“What is the purpose of the Church?”
The question gave me pause. I didn’t have a memorized answer I could just spout off when I read those words a couple of months ago. I guess that’s because I hadn’t really taken the time to consider the purpose of the Church… I knew the purpose of a Christian – to know God and to make Him known (Exodus 9:15-16, John 17:3, Matthew 28:19-20). That answer I had worked out long ago…
The Church is just a bunch of Christians, so I reasoned the answer should be the same: a Christian’s purpose and the Church’s purpose is to know God and to make Him known.
Eight weeks later I’ve realized that, while my answer is technically correct, it’s slightly too vague. It’s too vague for our churches to implement, and it’s certainly too vague for our post-modern world to realize it must be understood within biblical terms of who God is.
A more specific answer is the purpose of the Church is to make disciples. Unfortunately, people have wildly varying ideas on what a disciple is.
Too many Christians, even Christian leaders, confuse disciples with church-goers or self-identified Christians or people who have prayed to receive Christ as their Savior or people who have been baptized or people who know a lot of Bible stories or people who serve their communities while wearing Christian t-shirts.
To be sure, all of those things are things disciples should do (although, we could stand to leave our “Serve Team” shirts at home…), but none of those things make someone a disciple in and of itself.
Jesus said to the original disciples, “Go and make disciples of all nations, baptizing them in the name of the Father and of the Son and of the Holy Spirit, and teaching them to obey everything I have commanded you,” (Matthew 28:19-20).
Do you see the part we usually skip? We may go, we may share the Gospel, we may baptize converts, but then, at least in the culture I’m in, we stop… we don’t follow through and teach new converts to “obey everything [Jesus has] commanded”.
Oh, sure, we may preach tremendous sermons and offer fantastic Bible studies – really meaty stuff that teaches people the Word – but that’s not the litmus test for whether or not we’ve taught anyone to obey everything Christ has commanded…
When our people are telling others about Christ, training them in the ways of the Bible, showing them how and challenging them to live obediently to the scriptures, we’ve made more than converts – we’ve made disciples.
And the cornerstone way in which a true disciple obeys Christ is by going and making more disciples who will mature and make more disciples who will mature and make more disciples who will… you get the point.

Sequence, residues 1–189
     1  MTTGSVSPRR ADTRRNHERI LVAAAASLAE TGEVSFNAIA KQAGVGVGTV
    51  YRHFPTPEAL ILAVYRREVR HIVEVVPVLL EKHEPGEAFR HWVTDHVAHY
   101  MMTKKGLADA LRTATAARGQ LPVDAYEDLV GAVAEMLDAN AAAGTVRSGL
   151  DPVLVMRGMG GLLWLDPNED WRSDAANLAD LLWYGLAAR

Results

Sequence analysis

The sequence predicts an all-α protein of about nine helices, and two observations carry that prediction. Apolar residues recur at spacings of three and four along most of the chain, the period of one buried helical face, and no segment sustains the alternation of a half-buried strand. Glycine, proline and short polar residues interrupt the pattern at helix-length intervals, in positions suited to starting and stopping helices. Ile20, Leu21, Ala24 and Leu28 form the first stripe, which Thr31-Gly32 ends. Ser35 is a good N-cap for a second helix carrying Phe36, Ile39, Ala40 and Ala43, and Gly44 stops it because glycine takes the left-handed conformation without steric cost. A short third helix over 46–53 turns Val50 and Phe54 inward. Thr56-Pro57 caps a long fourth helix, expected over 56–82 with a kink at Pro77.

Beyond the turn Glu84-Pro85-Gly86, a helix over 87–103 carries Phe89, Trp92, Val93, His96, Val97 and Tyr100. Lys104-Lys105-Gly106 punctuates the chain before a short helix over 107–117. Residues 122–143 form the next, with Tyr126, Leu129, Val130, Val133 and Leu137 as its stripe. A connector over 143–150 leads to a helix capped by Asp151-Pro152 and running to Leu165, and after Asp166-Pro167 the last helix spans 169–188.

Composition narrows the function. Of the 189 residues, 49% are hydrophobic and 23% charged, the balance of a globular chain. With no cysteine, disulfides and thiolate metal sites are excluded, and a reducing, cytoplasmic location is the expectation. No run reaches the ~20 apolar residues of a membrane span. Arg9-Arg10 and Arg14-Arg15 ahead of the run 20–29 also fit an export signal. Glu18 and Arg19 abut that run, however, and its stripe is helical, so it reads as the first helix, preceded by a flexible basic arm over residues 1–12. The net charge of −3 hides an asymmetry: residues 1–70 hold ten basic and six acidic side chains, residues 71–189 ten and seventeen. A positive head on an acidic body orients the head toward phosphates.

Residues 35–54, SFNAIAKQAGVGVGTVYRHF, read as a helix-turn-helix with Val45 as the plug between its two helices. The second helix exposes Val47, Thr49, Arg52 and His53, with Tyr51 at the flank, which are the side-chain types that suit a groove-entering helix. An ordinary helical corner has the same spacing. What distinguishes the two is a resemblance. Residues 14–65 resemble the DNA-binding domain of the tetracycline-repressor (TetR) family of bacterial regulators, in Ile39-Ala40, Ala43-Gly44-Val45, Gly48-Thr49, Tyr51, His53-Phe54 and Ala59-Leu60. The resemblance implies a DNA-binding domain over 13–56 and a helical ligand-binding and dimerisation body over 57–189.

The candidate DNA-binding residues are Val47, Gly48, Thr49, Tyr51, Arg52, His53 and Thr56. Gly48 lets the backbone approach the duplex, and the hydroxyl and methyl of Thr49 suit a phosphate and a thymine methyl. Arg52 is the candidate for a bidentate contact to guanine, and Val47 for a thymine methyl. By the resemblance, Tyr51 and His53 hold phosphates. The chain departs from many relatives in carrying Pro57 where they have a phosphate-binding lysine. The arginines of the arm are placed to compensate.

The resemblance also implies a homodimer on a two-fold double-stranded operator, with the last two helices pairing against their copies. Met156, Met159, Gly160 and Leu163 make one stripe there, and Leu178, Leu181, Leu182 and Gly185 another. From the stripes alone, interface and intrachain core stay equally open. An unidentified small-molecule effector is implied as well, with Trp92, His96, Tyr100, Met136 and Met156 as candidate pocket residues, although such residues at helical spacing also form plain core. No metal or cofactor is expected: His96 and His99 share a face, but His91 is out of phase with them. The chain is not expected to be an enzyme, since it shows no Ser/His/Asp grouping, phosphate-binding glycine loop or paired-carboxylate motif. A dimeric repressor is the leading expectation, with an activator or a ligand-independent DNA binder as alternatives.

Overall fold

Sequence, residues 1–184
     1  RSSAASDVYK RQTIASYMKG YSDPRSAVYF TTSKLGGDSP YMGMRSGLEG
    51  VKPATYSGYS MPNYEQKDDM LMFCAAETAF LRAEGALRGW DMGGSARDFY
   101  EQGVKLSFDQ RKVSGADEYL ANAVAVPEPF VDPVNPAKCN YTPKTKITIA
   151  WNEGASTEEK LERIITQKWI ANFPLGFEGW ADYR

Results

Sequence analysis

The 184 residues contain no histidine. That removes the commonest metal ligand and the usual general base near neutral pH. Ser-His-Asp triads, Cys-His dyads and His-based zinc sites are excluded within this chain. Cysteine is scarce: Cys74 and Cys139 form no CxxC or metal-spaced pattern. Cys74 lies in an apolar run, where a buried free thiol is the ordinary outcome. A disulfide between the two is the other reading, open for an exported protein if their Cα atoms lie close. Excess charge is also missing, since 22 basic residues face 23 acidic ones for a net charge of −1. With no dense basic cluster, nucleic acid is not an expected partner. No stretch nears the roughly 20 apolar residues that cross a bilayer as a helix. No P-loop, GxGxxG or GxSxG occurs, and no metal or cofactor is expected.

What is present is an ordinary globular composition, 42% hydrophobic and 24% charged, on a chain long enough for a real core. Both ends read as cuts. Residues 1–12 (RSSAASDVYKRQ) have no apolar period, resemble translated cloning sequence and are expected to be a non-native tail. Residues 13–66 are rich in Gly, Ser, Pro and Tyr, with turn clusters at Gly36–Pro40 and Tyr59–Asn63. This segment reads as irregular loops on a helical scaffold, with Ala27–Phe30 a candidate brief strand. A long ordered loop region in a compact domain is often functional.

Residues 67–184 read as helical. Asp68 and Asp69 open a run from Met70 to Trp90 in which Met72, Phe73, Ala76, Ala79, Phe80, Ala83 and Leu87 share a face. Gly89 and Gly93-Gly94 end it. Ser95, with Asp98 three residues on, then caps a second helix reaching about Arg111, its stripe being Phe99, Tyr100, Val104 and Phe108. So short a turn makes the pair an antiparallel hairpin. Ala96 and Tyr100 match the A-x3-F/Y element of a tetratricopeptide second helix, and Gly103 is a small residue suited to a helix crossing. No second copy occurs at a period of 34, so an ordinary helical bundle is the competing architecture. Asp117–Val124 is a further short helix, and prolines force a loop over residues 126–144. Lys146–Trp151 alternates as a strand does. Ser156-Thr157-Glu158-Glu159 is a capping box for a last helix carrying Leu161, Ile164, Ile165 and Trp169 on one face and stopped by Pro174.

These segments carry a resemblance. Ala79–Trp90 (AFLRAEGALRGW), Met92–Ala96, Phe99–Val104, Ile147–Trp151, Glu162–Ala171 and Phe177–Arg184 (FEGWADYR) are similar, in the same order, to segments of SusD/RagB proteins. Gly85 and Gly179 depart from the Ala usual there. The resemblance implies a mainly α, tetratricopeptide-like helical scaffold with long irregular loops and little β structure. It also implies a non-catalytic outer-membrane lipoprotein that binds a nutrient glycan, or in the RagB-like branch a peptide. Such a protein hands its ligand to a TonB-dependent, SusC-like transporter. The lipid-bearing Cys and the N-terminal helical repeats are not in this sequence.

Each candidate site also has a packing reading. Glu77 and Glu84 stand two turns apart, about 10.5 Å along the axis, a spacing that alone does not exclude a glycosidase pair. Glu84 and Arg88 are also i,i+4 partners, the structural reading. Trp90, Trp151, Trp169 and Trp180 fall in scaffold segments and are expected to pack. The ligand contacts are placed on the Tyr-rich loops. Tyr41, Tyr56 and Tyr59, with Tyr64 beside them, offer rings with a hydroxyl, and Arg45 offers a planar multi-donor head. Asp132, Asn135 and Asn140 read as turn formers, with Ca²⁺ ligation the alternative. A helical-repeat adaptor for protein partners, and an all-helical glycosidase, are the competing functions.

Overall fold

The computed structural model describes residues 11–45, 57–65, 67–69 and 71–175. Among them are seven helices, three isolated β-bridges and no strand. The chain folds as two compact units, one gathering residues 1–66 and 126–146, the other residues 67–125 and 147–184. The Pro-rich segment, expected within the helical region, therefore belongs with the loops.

With a weak voice I have to ask, Church, are we doing that? Am I doing that?
The stats show, as a whole, we aren’t. And when I look around my community – Bible Belt, USA – I see a lot of believers doing a lot of good things, but not many doing the main thing – making more disciple-makers.
It’s time to stop being content with entertainment “Christianity” where our churches’ main focus is making sure people have a satisfying “experience” on Sunday mornings. It’s time to stop preaching the Gospel, helping people convert, and then letting them fall through the cracks of the mega church machine, never to be heard from again. Believers, it’s time to stop being content learning more Bible but not doing anything with that knowledge.
We are fooling ourselves if we think we’re living the Great Commission but we’re not 1) currently investing time and love into a relationship with an unbeliever in which we both model the Christian life for him and, when the Spirit leads, verbally share the Gospel with him, 2) walking a younger believer through his next steps in growing in his relationship with Christ, and 3) helping more mature believers take that final step of obedience by equipping and encouraging them to reach out to the lost, share the Gospel, teach and model the scriptures to younger believers, and help equip them to duplicate the process in someone else.
In short, we’re fooling ourselves if we think we are disciples but we aren’t making any disciples.
In the words of Michael Jackson, it’s time to make that change.
If you’re interested, I recommend reading DiscipleShift for a more detailed explanation of what I’ve summarized. If you’re super interested, I recommend reading Disciple Making Is… next. If you’re still interested and/or refuse to read books, shoot me an email below and I’ll send you a short paper or two on the subject. And, lastly, if you’re local to me and want to be a part of making a change in how we do discipleship in our area, let’s chat.